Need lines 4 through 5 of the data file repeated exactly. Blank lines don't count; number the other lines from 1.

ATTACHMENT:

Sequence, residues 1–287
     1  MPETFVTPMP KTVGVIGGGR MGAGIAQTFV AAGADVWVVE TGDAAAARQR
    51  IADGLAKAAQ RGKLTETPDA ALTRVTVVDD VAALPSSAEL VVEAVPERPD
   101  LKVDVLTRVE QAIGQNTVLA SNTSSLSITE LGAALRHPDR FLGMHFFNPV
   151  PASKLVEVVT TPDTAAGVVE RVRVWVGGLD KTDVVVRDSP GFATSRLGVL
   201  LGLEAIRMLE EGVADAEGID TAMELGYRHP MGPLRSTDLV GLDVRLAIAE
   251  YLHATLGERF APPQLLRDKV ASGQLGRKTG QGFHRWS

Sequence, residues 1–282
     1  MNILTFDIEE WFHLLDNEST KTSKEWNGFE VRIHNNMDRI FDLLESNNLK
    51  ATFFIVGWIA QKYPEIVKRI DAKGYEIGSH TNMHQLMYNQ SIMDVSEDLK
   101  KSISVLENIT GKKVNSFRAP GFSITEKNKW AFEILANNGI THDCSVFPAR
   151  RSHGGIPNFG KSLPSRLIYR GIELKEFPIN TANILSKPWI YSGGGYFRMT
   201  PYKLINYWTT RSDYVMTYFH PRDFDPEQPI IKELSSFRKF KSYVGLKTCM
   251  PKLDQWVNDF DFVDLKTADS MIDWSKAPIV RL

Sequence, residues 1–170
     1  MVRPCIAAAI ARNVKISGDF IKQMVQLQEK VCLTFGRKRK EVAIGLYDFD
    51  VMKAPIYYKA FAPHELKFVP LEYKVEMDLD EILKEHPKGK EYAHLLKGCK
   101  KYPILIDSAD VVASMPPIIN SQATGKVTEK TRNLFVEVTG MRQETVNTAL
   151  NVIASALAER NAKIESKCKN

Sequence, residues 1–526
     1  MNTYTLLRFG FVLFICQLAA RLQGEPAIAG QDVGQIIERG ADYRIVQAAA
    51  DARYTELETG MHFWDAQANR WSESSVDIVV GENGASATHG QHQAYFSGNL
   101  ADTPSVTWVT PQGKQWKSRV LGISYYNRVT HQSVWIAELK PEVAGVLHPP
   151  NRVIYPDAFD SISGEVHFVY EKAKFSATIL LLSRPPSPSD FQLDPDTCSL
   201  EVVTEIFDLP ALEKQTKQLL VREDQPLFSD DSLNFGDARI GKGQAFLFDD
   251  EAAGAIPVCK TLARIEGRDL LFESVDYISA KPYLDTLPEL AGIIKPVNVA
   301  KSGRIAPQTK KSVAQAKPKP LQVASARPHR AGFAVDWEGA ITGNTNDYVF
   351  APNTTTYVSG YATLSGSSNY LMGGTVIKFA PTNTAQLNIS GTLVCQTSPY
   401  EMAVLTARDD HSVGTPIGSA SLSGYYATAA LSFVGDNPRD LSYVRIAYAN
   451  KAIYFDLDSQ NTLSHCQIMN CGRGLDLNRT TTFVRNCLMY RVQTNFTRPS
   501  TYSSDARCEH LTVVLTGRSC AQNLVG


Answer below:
   101  LKVDVLTRVE QAIGQNTVLA SNTSSLSITE LGAALRHPDR FLGMHFFNPV
   151  PASKLVEVVT TPDTAAGVVE RVRVWVGGLD KTDVVVRDSP GFATSRLGVL